Selections from the North Fork of Long Island

Which major American city has a premium wine growing region located just a 90 minute drive away, a region which has seen vineyard acreage increase by 1500 percent over just twenty years, which is home to multiple AVAs, and which sees over one million tourists a year? Surprisingly enough the city is New York, and the region is Long Island, which now has over 30 wineries and more than 3000 acres of vineyards.

We were recently invited by a representative of the Long Island Wine Council to taste samples of wines from one of those AVAs, the North Fork of Long Island. Having visited wineries in the area several years ago, we were happy to have the opportunity to get re-acquainted—and we weren’t disappointed! The North Fork of Long Island produces a multitude of fine wines which would please the wine aficionado.

The North Fork of Long Island has a maritime climate and geography that provide excellent conditions for producing wine. Growers in the area are experimenting with many different varieties, root stocks and clones, and the jury is still out as to which grapes grow best under local conditions. As of now, there seems to be broad consensus that among the reds, Merlot and Cabernet Franc do especially well and, among whites, Viognier is a stand out. Of course, Long Island is still a very young industry, and there is still a lot to learn about the terroir.

Long Island wines are stylistically more European than to Californian. Vintage variation is a part of life, but improved vineyard management practices are keeping quality high. Wines on the North Fork are often understated in fruit, are generally lean and elegant, and have good complexity on the nose and palate. There are often intriguing wild berry flavors, earth and smoky notes. Happily, the wines are generally well-balanced and rarely high in alcohol, which is a great virtue these days.

Following are our notes and ratings on the wines we tasted:

Osprey's Dominion 2005 Merlot Reserve North Fork of Long Island ($35) 88

Osprey's DominionMerlot is certainly one of the specialties of area wineries. This one from Osprey Dominion boasts a medium dark ruby color and aromas of wild red berries, plum and cedar. It has a flavorful attack of dark red fruit with vanilla on the palate, nicely polished tannins, excellent acidity, and a long finish.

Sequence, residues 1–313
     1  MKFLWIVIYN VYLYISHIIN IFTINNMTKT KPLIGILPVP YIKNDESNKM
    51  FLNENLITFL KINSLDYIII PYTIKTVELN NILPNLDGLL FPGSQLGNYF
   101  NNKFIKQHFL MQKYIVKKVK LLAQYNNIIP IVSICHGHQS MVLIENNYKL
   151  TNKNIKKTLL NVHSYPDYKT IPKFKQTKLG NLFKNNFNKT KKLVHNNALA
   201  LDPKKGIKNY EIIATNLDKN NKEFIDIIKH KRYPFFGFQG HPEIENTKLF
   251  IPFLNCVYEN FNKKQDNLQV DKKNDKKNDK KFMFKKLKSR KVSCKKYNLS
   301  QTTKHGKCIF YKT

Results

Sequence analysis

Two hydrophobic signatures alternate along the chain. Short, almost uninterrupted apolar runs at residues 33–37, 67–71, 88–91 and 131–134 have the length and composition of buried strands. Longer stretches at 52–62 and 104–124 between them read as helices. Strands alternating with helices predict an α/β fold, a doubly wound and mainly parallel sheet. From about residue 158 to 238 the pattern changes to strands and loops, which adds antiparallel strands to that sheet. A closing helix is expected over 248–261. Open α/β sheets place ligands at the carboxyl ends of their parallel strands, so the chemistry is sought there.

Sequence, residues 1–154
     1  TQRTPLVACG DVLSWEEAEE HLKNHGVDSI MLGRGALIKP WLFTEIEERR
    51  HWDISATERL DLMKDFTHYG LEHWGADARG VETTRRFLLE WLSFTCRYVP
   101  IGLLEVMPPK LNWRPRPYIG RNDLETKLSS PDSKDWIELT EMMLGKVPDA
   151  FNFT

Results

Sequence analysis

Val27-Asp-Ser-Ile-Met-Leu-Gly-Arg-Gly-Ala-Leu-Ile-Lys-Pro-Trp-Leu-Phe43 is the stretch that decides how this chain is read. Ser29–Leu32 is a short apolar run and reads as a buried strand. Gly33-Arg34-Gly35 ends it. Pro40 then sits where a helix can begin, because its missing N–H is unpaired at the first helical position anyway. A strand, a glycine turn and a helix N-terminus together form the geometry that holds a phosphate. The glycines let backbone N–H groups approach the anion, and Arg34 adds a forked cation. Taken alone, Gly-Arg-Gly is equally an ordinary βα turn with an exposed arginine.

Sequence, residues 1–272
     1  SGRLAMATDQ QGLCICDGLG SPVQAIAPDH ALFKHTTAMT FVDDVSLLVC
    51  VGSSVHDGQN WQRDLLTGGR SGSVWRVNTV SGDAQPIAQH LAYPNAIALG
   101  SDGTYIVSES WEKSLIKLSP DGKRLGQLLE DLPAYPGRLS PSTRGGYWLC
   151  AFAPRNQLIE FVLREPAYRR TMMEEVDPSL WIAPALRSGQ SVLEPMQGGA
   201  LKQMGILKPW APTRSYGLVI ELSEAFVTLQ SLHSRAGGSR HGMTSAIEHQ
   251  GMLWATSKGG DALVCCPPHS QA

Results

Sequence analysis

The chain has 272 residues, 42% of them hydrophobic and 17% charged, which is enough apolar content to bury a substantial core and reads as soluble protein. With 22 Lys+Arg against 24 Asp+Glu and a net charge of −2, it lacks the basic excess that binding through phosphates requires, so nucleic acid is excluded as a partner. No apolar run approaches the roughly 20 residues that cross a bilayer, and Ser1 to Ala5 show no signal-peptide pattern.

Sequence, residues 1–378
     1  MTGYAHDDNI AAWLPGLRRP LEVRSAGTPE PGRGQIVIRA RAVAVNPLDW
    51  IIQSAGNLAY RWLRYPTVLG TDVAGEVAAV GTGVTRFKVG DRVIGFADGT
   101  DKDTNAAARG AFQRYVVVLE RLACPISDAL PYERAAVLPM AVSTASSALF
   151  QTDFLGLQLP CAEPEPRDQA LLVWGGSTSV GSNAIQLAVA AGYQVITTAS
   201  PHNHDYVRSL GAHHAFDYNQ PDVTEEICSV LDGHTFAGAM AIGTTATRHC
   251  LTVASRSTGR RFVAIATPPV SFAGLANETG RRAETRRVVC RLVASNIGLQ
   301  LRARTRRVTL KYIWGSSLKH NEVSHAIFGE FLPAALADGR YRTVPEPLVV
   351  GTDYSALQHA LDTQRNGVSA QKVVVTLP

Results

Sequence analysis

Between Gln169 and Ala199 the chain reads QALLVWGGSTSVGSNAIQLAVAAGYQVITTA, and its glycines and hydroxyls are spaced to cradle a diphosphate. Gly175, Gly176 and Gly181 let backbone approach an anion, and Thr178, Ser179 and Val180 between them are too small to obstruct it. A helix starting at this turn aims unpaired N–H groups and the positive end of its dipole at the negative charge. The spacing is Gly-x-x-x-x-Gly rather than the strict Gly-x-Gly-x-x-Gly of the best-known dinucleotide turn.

Shinn Estate Vineyards 2006 Wild Boar Doe North Fork of Long Island ($43) 89

Shinn Estate VineyardsA blend of 88% Merlot, with remaining amounts of Cabernet Sauvignon and Petit Verdot, the light-bodied Wild Boar Doe offers spicy red fruit on the nose and slightly tart red fruit and toast on the palate. It has a brambly character with ripe tannins, good balance and an easy drinking finish.

Palmer Vineyards 2006 Cabernet Franc North Fork of Long Island ($20) 90

Palmer VineyardsPalmer Vineyards is one Long Island’s most illustrious estates and is among the top producers of Cabernet Franc. This one boasts a medium dark ruby color and a nose of dark berry fruit, earth, spice and herbs. It is medium weight with good ripeness and depth of red and black fruit flavor. It also reveals a silky texture with light tannic grip on the finish. With the recent death of owner,-----future vintages will be under new ownership.

Roanoke Vineyards 2007 Cabernet Franc North Fork of Long Island ($34) 88+

Roanoke VineyardsAnother fine producer of Cabernet Franc is Roanoke Vineyards. This effort displays a medium ruby hue and dark cherry aromas with light smoke and leafy notes. It has good overall dried red berry fruit concentration with hints of cedar and pine resin. It is velvety smooth on the palate, with excellent balance, nicely polished tannins and a fruit rich finish.

Peconic Bay WineryPeconic Bay Winery 2007 Chardonnay Steel Fermented North Fork of Long Island ($22) 87

This steel fermented Chardonnay displays a medium straw color with spicy aromas of pear and apple. Keeping a lid on oak, it is clean and crisp on the attack with good fruit flavor, nice balance and a moderately long finish. A very drinkable Chardonnay.

Written by Mike Potashnik and Don Winkler, February 2010